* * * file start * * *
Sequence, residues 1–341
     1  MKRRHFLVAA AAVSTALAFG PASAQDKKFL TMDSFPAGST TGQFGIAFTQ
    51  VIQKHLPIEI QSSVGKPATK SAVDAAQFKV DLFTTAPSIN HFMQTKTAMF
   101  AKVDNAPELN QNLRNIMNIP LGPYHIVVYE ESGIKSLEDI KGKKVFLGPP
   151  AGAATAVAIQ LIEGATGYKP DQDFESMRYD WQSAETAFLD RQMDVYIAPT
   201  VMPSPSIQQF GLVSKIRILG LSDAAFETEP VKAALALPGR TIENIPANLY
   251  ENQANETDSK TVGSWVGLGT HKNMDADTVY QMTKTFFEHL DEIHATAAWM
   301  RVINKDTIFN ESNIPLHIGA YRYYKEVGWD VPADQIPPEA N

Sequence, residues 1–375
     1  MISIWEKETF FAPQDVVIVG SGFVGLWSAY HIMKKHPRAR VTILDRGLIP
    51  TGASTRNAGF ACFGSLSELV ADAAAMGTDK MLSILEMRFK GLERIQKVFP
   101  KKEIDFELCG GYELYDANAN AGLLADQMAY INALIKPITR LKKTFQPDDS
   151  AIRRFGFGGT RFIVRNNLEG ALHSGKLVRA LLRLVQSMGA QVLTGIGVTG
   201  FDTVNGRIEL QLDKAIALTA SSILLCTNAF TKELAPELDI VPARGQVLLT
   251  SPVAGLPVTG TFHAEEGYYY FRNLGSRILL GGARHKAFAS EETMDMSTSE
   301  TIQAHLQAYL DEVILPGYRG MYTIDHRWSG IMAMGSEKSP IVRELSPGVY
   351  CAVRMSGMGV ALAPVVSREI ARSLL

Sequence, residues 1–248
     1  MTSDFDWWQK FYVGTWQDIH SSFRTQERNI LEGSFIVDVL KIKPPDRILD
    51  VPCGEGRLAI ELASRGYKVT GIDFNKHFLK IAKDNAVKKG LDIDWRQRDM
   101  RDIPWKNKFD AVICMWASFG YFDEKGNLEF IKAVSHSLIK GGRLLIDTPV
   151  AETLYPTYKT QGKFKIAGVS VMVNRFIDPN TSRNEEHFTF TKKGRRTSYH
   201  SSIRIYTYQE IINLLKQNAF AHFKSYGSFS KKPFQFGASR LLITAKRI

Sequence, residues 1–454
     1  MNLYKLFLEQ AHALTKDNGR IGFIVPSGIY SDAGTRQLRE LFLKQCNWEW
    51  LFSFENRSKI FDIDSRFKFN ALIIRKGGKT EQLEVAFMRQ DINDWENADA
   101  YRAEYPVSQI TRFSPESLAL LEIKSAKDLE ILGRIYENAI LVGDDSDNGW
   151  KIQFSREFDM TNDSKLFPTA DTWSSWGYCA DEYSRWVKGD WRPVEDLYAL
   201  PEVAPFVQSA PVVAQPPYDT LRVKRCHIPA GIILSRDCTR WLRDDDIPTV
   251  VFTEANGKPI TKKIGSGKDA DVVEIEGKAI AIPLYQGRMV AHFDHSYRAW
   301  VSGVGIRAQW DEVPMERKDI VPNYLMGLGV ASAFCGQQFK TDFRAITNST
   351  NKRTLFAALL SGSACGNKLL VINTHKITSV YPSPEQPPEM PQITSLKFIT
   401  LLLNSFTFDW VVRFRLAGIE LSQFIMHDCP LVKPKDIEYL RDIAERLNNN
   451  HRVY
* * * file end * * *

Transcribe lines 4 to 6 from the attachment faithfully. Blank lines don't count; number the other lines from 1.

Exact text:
   101  AKVDNAPELN QNLRNIMNIP LGPYHIVVYE ESGIKSLEDI KGKKVFLGPP
   151  AGAATAVAIQ LIEGATGYKP DQDFESMRYD WQSAETAFLD RQMDVYIAPT
   201  VMPSPSIQQF GLVSKIRILG LSDAAFETEP VKAALALPGR TIENIPANLY